The pandemic’s effect on international trade has made buying local more important than ever.
The 2020 golf season has been and will be one of the most challenging we’ve ever seen. COVID-19 has changed the way we live, work, and operate our golf courses in the short term, but many of its effects will likely be lasting. Buying local had already become more than a trend for years prior to the pandemic, but the reduction of cross-border trade has shone the spotlight even brighter upon its importance. The golf industry is no exception.
Buying fresh and local produce for your food and beverage operations will be the main focus of this article, but there are plenty of other ways you can approach purchasing with your local economy in mind. Cleaning products, pro shop apparel, and kitchenware can all be sourced from local suppliers in your effort to be a boon rather than a burden on your community.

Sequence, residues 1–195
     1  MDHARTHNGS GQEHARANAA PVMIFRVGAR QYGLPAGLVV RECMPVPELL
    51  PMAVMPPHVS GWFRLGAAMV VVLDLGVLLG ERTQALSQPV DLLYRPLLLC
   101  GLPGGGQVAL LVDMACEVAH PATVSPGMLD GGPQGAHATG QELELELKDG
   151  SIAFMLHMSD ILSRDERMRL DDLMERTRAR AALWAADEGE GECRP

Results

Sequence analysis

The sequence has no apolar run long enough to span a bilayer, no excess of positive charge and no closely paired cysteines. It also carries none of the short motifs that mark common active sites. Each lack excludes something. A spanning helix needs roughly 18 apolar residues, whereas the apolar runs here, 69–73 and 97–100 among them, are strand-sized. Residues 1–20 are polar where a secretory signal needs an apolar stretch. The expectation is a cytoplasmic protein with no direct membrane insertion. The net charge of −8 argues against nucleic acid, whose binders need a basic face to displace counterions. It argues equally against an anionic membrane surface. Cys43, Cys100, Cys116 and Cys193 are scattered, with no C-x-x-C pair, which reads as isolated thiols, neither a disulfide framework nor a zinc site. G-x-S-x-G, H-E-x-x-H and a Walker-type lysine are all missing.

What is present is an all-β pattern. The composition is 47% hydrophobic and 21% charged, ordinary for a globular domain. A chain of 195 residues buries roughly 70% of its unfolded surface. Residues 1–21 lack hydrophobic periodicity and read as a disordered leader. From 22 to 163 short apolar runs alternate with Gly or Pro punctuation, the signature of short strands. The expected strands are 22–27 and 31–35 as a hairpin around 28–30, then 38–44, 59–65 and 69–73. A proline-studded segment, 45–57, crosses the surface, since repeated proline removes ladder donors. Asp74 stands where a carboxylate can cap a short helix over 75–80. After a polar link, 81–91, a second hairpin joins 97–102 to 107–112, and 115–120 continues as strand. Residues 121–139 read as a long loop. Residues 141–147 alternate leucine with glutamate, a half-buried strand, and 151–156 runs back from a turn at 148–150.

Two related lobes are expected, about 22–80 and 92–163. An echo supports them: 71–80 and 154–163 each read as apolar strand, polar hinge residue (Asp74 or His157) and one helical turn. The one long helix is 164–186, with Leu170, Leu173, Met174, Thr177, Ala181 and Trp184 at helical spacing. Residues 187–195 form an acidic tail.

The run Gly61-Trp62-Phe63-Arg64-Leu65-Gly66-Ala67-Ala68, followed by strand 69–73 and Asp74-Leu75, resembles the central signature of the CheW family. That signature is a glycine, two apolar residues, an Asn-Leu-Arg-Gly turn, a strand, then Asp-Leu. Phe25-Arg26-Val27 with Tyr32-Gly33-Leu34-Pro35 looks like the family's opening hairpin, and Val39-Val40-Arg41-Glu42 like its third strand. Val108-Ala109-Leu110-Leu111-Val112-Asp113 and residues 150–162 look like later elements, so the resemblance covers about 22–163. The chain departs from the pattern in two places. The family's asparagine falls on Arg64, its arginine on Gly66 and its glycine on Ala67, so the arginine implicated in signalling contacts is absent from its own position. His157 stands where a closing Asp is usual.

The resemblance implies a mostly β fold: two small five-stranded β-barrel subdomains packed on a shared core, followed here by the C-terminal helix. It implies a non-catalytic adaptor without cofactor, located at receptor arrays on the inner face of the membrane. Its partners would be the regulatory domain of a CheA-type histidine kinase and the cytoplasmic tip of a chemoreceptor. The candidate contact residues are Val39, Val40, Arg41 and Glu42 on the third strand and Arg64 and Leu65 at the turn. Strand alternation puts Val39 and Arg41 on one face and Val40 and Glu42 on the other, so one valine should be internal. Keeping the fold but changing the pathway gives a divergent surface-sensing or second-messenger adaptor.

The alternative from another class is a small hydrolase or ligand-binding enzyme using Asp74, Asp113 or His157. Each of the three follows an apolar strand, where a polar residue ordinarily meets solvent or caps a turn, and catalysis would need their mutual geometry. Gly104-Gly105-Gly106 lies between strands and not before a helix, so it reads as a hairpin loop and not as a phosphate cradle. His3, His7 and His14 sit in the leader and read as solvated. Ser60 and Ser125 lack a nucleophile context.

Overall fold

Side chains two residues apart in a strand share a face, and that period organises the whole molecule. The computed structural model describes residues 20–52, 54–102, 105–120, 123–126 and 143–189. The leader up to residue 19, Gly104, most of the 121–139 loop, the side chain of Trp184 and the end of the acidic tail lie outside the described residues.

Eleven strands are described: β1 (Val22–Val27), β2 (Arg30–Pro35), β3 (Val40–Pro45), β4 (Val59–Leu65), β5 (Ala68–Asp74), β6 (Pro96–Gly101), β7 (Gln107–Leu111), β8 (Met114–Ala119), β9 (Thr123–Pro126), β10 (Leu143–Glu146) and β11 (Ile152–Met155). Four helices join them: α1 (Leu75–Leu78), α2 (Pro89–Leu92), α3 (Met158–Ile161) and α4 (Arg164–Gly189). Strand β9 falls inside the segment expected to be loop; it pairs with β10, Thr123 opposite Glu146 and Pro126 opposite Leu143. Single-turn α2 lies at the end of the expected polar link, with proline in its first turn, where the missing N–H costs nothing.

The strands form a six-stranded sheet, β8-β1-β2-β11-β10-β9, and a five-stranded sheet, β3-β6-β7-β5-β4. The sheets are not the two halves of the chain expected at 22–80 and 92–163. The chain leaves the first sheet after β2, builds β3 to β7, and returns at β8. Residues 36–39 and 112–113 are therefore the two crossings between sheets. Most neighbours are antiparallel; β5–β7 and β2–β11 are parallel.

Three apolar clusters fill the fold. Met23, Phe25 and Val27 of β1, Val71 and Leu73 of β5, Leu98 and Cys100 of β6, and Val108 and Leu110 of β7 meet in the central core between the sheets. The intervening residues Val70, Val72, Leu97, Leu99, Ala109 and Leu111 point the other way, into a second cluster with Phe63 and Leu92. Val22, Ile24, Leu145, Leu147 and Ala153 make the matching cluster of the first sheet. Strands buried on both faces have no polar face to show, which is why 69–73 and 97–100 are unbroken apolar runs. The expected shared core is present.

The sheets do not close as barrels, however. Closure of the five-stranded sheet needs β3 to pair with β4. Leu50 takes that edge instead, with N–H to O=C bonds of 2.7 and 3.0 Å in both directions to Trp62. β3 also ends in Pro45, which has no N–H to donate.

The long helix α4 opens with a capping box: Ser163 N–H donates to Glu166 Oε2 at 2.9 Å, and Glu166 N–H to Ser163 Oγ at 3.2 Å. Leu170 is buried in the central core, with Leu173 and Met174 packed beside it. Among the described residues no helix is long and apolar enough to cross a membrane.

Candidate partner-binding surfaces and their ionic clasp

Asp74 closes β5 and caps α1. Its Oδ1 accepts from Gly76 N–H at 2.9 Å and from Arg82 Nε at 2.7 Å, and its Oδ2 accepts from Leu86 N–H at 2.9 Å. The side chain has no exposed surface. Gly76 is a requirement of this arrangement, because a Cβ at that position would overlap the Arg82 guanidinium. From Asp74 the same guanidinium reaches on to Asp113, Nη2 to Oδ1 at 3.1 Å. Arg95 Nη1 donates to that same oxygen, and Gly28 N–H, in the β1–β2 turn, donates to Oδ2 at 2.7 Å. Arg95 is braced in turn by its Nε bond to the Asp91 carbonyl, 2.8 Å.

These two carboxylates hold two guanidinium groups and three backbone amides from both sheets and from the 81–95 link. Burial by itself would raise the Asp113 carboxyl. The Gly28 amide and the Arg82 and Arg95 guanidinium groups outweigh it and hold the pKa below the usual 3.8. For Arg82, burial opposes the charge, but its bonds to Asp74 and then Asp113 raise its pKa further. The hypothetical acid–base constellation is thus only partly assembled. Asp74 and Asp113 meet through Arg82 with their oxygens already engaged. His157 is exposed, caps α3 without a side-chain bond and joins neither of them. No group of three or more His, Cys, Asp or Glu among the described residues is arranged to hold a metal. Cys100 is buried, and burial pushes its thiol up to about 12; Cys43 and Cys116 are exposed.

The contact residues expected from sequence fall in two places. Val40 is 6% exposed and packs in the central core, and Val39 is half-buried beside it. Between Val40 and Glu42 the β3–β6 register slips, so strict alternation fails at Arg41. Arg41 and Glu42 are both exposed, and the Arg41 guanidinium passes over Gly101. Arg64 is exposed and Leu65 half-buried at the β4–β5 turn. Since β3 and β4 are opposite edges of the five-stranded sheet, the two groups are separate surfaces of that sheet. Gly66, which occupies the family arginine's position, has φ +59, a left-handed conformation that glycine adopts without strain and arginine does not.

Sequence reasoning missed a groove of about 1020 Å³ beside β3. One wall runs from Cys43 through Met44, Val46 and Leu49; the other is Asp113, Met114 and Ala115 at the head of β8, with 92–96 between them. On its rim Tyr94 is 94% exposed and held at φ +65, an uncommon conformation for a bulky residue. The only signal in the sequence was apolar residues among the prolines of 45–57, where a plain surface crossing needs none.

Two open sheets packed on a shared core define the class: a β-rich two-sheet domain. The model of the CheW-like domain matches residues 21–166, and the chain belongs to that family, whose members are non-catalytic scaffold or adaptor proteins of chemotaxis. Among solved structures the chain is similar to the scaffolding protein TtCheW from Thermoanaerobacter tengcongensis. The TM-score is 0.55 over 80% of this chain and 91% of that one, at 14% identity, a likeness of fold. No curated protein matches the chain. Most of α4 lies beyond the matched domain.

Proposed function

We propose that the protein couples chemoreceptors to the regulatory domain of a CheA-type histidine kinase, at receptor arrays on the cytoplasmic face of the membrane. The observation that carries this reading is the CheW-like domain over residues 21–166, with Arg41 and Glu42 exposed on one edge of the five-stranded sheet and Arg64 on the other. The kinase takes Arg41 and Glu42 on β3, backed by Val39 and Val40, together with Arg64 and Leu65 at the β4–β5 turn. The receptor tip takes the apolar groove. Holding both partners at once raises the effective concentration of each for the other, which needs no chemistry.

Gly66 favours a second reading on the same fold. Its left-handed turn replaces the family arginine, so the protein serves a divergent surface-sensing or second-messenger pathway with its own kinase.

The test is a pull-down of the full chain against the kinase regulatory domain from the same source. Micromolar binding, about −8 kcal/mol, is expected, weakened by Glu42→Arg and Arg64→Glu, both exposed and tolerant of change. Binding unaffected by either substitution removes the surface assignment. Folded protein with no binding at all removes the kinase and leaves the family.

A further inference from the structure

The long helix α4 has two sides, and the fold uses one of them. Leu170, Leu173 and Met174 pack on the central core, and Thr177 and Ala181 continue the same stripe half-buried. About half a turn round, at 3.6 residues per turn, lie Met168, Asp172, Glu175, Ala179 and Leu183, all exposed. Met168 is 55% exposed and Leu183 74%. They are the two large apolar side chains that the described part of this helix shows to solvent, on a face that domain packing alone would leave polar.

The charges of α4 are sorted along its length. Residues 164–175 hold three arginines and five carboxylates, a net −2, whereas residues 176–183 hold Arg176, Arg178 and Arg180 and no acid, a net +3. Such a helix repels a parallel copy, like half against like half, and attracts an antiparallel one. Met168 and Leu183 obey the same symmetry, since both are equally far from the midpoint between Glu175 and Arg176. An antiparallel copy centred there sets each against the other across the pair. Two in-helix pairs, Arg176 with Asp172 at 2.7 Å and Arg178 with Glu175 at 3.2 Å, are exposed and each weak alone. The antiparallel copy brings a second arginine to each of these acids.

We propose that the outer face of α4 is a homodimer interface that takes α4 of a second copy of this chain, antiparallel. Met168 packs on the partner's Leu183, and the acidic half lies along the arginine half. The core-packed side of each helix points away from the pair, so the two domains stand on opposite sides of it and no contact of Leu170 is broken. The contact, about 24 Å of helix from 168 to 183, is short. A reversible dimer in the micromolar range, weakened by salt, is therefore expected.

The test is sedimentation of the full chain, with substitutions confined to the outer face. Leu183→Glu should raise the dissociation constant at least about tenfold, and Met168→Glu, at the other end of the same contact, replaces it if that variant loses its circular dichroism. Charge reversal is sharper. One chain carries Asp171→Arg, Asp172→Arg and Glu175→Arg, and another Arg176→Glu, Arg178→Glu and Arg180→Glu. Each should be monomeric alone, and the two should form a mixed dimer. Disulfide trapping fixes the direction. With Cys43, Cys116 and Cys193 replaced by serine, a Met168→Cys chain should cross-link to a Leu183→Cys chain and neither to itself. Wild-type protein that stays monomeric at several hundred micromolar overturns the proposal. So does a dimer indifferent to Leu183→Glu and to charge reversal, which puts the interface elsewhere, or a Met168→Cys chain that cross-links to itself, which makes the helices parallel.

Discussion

Times are tough for everyone — all the more reason to consider how you can operate in a more socially conscious manner. Buying local products is not only beneficial for the people around you but for your golf course as well.
There’s a misconception out there that buying local is more expensive. While that used to be the case, the tide is shifting in the other direction, and now thanks to a more populated and therefore more competitive marketplace of independent sellers, consumers are reaping the benefits of lower prices for locally made goods. As a business operator, your neighbours tend to be friendlier in price negotiations for bulk orders. Plus, they can cut out the middleman on the supply chain which brings savings to them and allows them to charge less. Build a strong relationship with the farmers market next door and you’ll wind up saving money in the long run.
Support Local Economy